The insulated quiet of the fresh snowfall was broken by our huffing and puffing as we blazed a trail on snowshoes through two feet of new powder. Nadine, our guide from Great Divide Nature Interpretation, pointed out where a moose lay down for the night, the moss that could be eaten and the moss that could not, and where a bear had marked its tree. She told us stories about controlled burns and the devastation the pine beetles were wreaking on evergreen forests.
The mountains and, more specifically, mountain life fascinate me. I grew up in hilly Ithaca, NY spending Saturday afternoons exploring the creek back to the waterfall behind our house with my sister. We as a family took day trips into the nearby Appalachians, Catskills, and Adirondacks to tour New York State parks or science museums if the weather was particularly foul. Sure as a kid I may not have had the same appreciation as an adult, but I have never had goosebumps from those worn-down ranges like the ones the Canadian Rockies gave me on my first visit. My weak attempts to describe them – majestic, breathtaking, awe-inspiring – do not get at the peace I felt when I finally got out of our rental car in the parking lot of Canmore’s library. The Three Sisters overlooking the town command visitors to slow down, look up, and appreciate the view. Enjoy the laid back life, they seem to say.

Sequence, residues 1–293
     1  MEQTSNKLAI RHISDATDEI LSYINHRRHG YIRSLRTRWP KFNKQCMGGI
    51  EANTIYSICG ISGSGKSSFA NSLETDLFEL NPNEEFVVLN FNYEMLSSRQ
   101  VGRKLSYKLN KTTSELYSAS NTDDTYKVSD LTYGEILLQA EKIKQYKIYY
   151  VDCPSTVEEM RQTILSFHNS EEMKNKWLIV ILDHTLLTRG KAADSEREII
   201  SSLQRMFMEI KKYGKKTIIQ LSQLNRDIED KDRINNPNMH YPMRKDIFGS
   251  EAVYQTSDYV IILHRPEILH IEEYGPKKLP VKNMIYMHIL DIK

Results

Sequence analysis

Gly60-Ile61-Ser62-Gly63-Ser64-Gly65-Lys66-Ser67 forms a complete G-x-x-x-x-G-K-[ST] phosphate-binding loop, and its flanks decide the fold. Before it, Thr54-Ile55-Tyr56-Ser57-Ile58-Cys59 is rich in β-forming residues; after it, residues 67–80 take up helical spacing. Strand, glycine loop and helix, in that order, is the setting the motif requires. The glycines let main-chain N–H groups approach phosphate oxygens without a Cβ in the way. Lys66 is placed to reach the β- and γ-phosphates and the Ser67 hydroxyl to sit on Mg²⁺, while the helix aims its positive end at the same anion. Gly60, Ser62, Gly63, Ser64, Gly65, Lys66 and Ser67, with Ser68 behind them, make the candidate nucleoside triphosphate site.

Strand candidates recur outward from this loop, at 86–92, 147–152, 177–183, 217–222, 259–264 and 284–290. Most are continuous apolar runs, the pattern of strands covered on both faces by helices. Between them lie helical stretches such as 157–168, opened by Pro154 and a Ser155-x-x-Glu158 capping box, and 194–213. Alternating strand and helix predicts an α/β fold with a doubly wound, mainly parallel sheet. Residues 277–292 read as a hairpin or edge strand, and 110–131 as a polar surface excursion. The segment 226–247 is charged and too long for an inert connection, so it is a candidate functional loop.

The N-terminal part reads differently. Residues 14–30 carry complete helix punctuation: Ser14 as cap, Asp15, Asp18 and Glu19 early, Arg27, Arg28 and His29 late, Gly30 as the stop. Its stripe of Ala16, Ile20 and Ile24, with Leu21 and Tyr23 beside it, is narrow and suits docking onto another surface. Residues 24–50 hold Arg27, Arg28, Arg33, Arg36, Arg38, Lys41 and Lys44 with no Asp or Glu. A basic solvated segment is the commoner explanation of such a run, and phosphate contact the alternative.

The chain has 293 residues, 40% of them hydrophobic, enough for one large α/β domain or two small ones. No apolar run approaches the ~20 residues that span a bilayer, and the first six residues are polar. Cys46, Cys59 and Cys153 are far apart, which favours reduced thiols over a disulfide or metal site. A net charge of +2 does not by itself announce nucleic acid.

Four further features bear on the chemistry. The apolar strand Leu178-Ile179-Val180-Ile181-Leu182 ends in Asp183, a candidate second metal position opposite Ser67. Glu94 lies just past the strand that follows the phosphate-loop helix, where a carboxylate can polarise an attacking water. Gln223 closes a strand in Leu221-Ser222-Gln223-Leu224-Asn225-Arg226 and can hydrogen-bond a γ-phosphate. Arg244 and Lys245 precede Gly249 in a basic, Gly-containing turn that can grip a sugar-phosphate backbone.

I do not go to the mountains because I am an adrenaline junkie. Although I subscribe to a weekly newsletter named “On the Snow” I don’t downhill ski or snowboard. Strap me into a pair of snowshoes or cross country skis in the winter or a pair of hiking boots or trail runners in the summer and I am a happy camper. As I live in Toronto, those sorts of activities require a little imagination and a lot of inspiration. Fortunately for me, the Banff Mountain Film Festival travels the world every year, bringing stories of Tibetan families getting their children to school five kilometers away through a treacherous valley or films of stunt snowboarders’ latest gravity-defying tricks. Between Boston and Toronto, I’ve attended the film festival seven out of the last eight years to gawk at what the rock climbers can do with a crack in a boulder and just their thumbs. Never mind what the film crew had to do to get its shot. I will be there again at the end of March at the Bloor Street Cinema, ready for that rush of feelings driving me back to the mountains.